I have a theory that UZR mismatches in the infield are somehow due to the calculation of the effect of errors. UZR tracks them and calculates them separately from plays made. Tangotiger reports on his website that allowing a runner to reach base on an error is basically no worse than not making the play at all. Errors should simply be treated the same as plays not made. My best guess is that UZR somehow overrates errors, so that surehanded infielders rate higher and error-prone infielders rate lower. Recall the +39 Rey Ordonez rating for 1999, in which he made only four errors.

If you delete Clayton, Guzman and Rollins from the sample, you get the following summary results at shortstop (edited sample size of 16 players):

```Shortstop (16)  UZR   DRA    ZR   DFT
Avg               2     1     1     0
Std              10     9     7     9
corr w/UZR     1.00  0.75  0.69  0.65```

DFT does well, in some ways better than ZR, because it shows a better standard deviation.

### B. Second Base

```Pos  Yrs  Last          UZR  DRA   ZR  DFT
4        Alomar        -13  -13   -9    2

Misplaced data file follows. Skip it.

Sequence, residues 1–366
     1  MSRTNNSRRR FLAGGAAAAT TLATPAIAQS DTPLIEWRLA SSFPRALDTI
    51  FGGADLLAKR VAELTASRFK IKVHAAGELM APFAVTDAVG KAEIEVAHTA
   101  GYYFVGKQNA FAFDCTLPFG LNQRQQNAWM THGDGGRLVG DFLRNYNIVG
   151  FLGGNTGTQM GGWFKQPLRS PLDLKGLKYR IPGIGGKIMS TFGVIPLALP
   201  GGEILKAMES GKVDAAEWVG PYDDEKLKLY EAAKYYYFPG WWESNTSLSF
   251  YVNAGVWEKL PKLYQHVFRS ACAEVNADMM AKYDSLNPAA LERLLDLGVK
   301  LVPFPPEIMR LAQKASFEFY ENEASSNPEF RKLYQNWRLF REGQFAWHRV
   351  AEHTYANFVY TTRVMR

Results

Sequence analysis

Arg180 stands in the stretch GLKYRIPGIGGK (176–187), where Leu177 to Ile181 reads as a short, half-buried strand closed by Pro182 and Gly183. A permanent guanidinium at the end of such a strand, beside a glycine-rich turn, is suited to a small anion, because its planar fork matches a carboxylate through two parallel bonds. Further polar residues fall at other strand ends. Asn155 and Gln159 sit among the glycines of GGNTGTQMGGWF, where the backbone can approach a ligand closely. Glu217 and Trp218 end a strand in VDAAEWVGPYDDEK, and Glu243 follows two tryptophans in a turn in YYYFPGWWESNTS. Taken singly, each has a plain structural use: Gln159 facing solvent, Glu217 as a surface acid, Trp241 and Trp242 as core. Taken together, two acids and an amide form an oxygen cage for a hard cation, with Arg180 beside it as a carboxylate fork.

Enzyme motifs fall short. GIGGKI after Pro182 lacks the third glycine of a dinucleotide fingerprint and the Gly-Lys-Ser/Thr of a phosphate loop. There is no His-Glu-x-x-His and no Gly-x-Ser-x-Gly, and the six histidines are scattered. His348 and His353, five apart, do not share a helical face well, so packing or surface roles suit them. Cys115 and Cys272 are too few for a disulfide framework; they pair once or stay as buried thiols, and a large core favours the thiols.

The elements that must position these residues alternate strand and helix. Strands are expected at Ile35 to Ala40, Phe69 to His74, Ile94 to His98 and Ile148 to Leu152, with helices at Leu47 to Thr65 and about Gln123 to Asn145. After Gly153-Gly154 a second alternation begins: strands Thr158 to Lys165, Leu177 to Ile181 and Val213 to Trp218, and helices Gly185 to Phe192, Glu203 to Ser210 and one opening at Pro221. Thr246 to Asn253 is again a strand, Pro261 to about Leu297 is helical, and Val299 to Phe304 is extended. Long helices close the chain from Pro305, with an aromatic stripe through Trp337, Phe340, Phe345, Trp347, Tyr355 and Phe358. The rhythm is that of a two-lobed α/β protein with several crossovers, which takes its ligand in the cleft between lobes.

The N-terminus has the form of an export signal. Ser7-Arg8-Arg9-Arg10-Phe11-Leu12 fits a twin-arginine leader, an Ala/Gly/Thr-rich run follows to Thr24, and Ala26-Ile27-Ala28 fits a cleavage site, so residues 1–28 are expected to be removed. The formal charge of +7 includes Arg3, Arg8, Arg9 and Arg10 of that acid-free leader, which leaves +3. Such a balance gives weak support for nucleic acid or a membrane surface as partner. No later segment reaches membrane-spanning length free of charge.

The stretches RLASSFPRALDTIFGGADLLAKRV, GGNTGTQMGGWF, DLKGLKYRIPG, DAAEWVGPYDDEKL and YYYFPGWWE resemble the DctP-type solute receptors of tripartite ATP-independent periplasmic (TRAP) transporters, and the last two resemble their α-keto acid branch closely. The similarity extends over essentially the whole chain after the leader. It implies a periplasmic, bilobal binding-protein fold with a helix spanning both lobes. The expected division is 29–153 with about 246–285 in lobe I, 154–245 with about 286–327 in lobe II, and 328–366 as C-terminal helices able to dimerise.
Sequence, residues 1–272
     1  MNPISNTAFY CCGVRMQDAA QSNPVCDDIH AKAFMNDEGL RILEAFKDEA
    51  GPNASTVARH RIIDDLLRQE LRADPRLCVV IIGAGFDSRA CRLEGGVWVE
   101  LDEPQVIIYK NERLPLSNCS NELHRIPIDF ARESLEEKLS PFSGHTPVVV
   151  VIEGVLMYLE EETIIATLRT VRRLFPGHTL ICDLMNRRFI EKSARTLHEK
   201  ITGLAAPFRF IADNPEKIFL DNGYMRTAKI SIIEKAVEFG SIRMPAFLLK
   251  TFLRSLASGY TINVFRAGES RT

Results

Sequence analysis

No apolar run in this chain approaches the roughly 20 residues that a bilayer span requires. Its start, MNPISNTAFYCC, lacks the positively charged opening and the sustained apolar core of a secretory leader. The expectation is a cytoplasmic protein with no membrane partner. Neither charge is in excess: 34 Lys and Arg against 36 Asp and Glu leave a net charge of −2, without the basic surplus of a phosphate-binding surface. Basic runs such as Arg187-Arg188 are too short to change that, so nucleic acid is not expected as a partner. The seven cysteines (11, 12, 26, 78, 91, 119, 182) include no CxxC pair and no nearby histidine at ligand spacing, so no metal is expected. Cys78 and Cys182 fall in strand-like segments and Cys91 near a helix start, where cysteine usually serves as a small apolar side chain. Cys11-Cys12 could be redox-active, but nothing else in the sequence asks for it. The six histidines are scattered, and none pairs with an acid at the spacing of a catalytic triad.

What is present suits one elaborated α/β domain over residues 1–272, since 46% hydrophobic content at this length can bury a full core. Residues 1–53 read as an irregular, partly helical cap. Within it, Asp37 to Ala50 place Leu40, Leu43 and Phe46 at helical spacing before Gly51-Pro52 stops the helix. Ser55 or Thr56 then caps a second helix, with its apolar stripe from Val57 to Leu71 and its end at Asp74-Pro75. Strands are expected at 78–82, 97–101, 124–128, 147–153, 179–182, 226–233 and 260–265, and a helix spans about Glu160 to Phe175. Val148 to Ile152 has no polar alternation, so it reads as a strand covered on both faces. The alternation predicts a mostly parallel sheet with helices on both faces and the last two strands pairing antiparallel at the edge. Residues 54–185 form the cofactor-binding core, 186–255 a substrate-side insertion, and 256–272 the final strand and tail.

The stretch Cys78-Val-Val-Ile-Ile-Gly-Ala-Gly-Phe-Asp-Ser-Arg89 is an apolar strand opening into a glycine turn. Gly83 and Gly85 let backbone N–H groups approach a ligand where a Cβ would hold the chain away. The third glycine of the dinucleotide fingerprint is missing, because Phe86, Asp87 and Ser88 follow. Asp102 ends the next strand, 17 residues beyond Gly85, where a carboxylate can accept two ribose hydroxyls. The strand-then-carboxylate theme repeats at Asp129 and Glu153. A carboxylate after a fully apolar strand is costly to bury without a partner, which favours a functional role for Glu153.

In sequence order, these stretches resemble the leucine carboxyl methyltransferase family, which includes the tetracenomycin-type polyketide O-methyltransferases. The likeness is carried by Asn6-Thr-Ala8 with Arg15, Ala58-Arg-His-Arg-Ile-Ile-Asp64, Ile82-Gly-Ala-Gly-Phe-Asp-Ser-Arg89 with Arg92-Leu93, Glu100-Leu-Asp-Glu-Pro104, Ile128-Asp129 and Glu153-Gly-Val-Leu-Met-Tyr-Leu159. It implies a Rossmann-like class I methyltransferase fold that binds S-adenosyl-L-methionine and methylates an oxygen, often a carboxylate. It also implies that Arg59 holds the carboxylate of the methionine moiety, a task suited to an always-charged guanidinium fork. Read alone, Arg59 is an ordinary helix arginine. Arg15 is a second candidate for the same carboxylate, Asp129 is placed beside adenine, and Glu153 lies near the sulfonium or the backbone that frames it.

4    3   Anderson       -4    2    8   -9
4        Biggio         -1  -18  -13  -14  check  dra
4    3   Boone          14    9    4    7
4    3   Castillo        0    1    6   -2
4        Grudzielanek   11    4    5   -2
4    3   Kennedy        21   15   13   11
4        Kent            7    4    2   12
4        Rivas         -20  -22  -14  -19
4    3   Soriano        -4  -15   -8  -11
4        Vidro           1    0   -5   -5
4        Vina            4  -10    4   -6
4        Walker         -9   -9   -5  -12
4        Young         -11   -8    5   -3

avg             0   -4    0   -4
std            11   11    8    9
corr w/UZR   1.00 0.83 0.66 0.71```

The decision to delete Biggio is difficult. Let’s look at the complete 2001 DM analysis regarding Biggio:

This former Gold Glover missed the last two months of the 2000 season with a knee injury that required surgery. In January, his general manager warned that Biggio’s range and baserunning ability would most likely be limited, especially early in the year. Those comments proved to be accurate, as Biggio’s range was far below its previous level and he stole only seven bases, down from 50 only three years ago. His baserunning instincts are still good, so he was a little above average in that regard, but nowhere near the Excellent level he sustained before he hurt his knee. DM, “2001 Gold Glove Review.”

I’m not certain whether “Excellent” refers to his baserunning or his fielding, but grammatically it refers to baserunning, and DM provides such ratings (“Excellent,” “Very Good,” etc.) for baserunning separately from hitting and fielding. DM says Biggio had a “classic year” either in 1999 or 2000, without mentioning fielding in particular, so I have no particular DM information about what Biggio’s “previous [pre-2001] level” of fielding performance was.